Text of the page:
We previously blogged about the decision of the Supreme Court of the United States in Philip Morris v. Williams addressing the propriety of a $79.5M punitive damage award to the family of a long-time Oregon smoker. Procedurally, the U.S. Supreme Court’s earlier decision remanded the case back to the Oregon Supreme Court to reconsider and reassess its earlier holding that due process did not require a trial court to give a particular proposed jury instruction requested by the defendant; namely, to instruct the jury that it was NOT to use an award of punitive damages to punish a defendant for harms to persons who were not parties to the litigation.
On January 31, 2008, the Oregon Supreme Court issued a new opinion reconsidering and reassessing the issue posed by the U.S. Supreme Court, and concluded that the proposed jury instruction proposed by the defendant was flawed for other reasons that it did not identify in its earlier opinion. It therefore reaffirmed its prior conclusion that the trial court did not err in refusing to give the instruction.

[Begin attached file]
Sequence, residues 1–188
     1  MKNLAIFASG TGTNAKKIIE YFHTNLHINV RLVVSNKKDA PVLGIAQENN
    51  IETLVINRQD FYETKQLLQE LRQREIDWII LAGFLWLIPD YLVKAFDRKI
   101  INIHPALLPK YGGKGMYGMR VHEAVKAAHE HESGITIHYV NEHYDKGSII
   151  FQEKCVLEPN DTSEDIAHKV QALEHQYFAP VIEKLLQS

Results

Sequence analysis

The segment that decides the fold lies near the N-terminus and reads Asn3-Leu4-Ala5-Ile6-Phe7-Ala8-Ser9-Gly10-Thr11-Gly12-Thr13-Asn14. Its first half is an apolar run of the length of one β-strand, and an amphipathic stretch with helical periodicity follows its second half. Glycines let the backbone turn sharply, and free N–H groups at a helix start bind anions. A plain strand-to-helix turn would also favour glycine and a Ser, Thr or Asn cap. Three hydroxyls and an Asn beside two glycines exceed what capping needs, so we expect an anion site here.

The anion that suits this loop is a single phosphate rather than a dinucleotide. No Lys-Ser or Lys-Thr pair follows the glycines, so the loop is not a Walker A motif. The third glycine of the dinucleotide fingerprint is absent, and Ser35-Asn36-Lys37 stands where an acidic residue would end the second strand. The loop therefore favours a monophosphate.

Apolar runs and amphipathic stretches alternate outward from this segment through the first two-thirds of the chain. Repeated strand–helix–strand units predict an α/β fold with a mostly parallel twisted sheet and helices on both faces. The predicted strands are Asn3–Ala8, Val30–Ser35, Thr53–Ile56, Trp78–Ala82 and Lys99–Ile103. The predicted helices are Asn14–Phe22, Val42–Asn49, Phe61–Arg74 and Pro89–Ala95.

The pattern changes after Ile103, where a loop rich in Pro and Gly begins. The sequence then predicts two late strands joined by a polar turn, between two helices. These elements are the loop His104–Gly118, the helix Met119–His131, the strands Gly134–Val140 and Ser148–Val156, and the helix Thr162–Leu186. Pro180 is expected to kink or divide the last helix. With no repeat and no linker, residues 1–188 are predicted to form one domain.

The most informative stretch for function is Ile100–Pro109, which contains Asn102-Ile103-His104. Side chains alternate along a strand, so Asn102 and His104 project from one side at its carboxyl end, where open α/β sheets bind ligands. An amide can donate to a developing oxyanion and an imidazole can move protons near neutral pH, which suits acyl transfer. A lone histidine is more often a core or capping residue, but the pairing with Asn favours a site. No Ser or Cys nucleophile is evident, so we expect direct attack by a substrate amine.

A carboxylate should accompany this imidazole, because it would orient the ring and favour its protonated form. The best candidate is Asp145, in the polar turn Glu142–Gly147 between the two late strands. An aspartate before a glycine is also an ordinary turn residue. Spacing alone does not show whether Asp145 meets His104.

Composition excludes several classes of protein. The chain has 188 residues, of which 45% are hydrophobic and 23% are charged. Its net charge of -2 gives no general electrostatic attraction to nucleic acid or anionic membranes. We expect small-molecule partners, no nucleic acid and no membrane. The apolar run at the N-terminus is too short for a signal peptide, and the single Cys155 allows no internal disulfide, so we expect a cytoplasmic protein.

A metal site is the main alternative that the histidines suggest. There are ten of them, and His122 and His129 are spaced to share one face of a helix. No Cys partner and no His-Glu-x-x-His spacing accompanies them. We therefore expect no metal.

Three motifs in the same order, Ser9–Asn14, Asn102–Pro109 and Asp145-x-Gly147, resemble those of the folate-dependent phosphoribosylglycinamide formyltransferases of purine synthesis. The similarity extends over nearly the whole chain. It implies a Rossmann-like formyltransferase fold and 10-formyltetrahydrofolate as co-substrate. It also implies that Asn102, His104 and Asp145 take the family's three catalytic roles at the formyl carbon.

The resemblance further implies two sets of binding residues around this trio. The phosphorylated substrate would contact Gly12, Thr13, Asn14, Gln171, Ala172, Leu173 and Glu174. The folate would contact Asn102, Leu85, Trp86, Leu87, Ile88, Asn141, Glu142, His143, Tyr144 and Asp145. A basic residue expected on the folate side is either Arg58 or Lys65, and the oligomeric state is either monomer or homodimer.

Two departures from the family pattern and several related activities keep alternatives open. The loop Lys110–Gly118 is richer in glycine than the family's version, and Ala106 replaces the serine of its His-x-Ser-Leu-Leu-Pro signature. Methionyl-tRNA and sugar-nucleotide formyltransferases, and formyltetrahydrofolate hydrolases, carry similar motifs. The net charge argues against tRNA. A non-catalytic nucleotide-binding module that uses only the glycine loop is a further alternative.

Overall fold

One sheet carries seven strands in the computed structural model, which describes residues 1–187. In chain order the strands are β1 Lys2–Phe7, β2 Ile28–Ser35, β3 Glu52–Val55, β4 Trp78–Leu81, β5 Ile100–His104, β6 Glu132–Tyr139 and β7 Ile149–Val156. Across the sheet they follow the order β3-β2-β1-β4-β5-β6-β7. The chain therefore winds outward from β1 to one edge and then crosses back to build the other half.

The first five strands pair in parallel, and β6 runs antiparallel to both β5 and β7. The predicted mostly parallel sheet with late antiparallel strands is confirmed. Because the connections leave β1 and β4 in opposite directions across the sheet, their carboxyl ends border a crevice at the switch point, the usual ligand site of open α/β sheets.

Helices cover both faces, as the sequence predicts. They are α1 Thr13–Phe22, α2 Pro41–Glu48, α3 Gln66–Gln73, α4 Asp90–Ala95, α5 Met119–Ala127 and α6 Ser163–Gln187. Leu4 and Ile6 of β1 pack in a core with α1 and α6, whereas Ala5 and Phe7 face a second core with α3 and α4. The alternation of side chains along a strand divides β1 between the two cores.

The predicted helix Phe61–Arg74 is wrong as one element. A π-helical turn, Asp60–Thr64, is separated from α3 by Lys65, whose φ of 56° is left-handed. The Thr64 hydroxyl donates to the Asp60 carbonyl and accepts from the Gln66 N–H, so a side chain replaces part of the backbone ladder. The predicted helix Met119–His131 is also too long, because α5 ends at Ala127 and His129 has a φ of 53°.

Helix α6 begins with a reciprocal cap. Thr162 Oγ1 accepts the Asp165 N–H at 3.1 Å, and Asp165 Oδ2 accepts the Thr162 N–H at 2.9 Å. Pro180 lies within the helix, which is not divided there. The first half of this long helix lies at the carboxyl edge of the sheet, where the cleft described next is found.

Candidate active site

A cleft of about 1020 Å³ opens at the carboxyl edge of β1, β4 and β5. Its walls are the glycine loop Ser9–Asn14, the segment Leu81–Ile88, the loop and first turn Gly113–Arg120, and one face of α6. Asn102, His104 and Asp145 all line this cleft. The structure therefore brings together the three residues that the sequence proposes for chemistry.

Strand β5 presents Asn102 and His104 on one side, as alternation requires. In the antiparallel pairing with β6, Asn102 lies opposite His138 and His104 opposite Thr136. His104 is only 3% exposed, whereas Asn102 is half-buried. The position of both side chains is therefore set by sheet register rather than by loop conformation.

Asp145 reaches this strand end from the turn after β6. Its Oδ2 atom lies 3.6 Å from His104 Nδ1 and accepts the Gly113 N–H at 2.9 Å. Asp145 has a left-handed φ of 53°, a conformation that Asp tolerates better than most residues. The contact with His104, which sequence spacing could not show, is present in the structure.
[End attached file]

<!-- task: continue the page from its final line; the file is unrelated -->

Last week, the U.S. Supreme Court announced that it will review the $79.5 million punitive damages judgment against Philip Morris for the third time. This time around, the justices will consider only whether the Oregon Supreme Court in essence ignored the Court’s earlier ruling, not whether the amount of the judgment is constitutionally permissible.
Arguments are scheduled for the fall. We will keep our readers apprised of new developments in the case.